Money from China? Then 'Made in China', shipowners told
Chinese banks have boosted loans to global shipowners – but sometimes insist that the vessels be built in China
Rujun Shen in Singapore
Chinese banks have sharply increased loans to global shipowners as European lenders retreat from the market but some are driving a hard bargain: the finance often comes with the condition that vessels be built in China.
The financing has given China’s shipyards a lifeline after new orders dropped to a seven-year low last year. The government wants Chinese yards to move up the value chain by building higher-quality vessels and to become a player in the offshore energy equipment industry, a lucrative sector in the generally depressed shipbuilding market.
The role played by Chinese lenders has drawn the ire of some industry critics, who say an already oversupplied global fleet will only get bigger because shipowners are taking advantage of cheaper quotes from Chinese yards compared to other builders.
Chinese shipyards won new orders of 11.57 million deadweight tonnes in the first four months of the year, up 57 per cent from the same period last year, data from the China Association of the National Shipbuilding Industry showed.
A key supporter has been the Export-Import Bank of China, a policy bank that provides financing to advance government economic goals.
“China Ex-Im is open to all clients who build vessels in China,” said Chen Bin, deputy general manager of the bank’s transport finance department.
“In this tough time we want to do as much as we can to help (Chinese) shipyards get orders from shipping companies,” Chen told a Sea Asia shipping conference in Singapore in April.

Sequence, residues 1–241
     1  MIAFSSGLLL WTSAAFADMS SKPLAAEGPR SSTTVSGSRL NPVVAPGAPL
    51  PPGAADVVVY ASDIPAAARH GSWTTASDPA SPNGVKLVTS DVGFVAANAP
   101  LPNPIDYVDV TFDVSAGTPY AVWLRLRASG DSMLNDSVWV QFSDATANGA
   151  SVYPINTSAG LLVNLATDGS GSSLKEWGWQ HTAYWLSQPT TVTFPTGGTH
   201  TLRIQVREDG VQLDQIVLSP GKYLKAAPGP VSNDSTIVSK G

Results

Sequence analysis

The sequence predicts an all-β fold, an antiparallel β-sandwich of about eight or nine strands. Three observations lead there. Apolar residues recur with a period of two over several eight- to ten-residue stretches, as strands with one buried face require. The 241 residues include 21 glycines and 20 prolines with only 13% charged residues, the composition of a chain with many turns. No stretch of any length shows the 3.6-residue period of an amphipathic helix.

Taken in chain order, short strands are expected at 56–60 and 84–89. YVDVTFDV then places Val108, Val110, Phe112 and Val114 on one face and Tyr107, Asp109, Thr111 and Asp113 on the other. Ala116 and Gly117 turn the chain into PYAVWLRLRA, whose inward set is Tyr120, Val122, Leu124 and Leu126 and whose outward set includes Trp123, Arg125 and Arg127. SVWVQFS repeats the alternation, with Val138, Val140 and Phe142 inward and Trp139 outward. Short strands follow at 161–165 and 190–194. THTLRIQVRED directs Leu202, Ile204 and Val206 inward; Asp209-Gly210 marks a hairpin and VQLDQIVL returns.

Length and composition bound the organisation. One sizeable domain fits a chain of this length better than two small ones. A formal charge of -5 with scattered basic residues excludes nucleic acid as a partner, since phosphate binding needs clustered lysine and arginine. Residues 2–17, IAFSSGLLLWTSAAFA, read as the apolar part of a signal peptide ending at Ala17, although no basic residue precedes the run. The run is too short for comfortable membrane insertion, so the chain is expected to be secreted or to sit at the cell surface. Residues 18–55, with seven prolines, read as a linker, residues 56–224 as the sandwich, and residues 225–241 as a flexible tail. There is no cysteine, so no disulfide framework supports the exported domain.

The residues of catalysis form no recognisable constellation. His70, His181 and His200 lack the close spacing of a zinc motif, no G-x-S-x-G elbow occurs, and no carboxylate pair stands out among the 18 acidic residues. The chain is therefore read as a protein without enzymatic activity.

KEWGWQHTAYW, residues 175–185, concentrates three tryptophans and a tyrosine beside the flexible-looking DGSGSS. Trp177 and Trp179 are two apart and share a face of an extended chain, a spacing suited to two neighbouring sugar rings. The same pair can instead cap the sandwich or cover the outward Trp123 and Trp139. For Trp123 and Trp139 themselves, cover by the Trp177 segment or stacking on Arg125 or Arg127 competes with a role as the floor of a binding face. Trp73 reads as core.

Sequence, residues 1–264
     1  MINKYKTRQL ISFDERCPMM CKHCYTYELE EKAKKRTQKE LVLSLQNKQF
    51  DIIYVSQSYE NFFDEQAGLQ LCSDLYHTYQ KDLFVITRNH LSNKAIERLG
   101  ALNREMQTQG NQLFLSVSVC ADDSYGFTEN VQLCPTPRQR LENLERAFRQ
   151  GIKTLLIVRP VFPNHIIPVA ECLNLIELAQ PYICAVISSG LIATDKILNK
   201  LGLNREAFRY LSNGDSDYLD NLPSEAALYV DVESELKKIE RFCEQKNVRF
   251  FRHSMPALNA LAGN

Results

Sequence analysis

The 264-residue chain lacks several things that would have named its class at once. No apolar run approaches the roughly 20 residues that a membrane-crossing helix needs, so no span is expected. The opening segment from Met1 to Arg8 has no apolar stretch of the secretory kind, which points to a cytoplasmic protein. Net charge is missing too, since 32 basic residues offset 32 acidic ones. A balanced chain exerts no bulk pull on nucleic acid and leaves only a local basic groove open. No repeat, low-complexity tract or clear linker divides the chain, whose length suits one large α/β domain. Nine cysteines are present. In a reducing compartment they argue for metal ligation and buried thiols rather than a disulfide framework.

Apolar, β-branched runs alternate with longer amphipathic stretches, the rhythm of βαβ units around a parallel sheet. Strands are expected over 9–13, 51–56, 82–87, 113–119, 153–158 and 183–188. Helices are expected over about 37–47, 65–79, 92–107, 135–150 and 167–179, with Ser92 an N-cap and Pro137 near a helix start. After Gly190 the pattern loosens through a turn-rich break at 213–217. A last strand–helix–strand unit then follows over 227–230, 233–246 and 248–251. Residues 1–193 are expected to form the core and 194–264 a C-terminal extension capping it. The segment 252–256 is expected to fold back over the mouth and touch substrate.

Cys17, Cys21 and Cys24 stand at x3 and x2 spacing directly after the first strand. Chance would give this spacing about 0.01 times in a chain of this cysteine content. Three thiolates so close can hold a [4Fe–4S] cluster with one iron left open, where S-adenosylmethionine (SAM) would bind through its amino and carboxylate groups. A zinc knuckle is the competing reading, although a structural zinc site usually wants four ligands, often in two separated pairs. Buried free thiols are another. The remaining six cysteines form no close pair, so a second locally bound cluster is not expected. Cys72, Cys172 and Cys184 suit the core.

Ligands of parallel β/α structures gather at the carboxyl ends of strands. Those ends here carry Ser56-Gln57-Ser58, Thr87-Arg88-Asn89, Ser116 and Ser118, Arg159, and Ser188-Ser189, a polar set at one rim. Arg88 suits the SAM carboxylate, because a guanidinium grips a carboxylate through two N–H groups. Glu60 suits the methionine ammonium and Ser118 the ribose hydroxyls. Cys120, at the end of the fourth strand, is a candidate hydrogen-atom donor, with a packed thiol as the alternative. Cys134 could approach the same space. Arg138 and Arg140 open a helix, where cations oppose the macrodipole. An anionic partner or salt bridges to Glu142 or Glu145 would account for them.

Last month, Greek shipowners ordered 142 vessels, more than 60 per cent of their global orderbook, from Chinese yards. Good pricing and Chinese financing were among the reasons, Greek Shipping Minister Kostis Moussouroulis was quoted by China’s official Xinhua News Agency as saying at the time.
Among them, Diana Shipping Inc, Angelicoussis Shipping Group and Dynagas got loans from the Export-Import Bank of China, the bank said on its website.
The Ex-Im Bank as well as commercial banks such as the International and Commercial Bank of China and the Bank of China are some of the most active lenders.
Together they doubled their share of the loan book of the top 40 lenders to the shipping industry in the last two years to 11 per cent, or about $46.5 billion in loans, data from Norway’s DNB, the world’s largest shipping loan provider, shows.
Ex-Im Bank had about US$13 billion (HK100.9 billion) in outstanding shipping loans in May, up 30 per cent from the end of 2011, and planned to offer more, Chen told Reuters. He declined to give a target.
“The enticement to order at particular yards on the basis that you will get financed certainly attracted a lot of non-listed European companies,” said Timothy Ross, head of Asia-Pacific transport research at Credit Suisse.
Seadrill, Sevan Drilling and Singapore-based Frigstad Offshore, all of which have made orders at Chinese yards within the past two years, did not respond to requests for comment.
But Larry Pupkin, director of Singapore-based Littoral Management, which helps shipowners find yards for construction and arrange financing, said Chinese quotes and financing terms were attractive.
Chinese banks are not alone in helping their shipyards. Bankers and lawyers said policy banks in South Korea were also giving finance to shipowners to place orders at Korean yards, which topped China in the value of orders last year.
In last year, South Korea won contracts worth nearly US$30 billion (HK$232.9 billion), while Chinese yards received US$18.2 billion (HK$141.3 billion) in orders, according to the World Shipyard Monitor published by Clarkson Research Services. Global new orders totalled US$85.5 billion (HK$663.8 billion).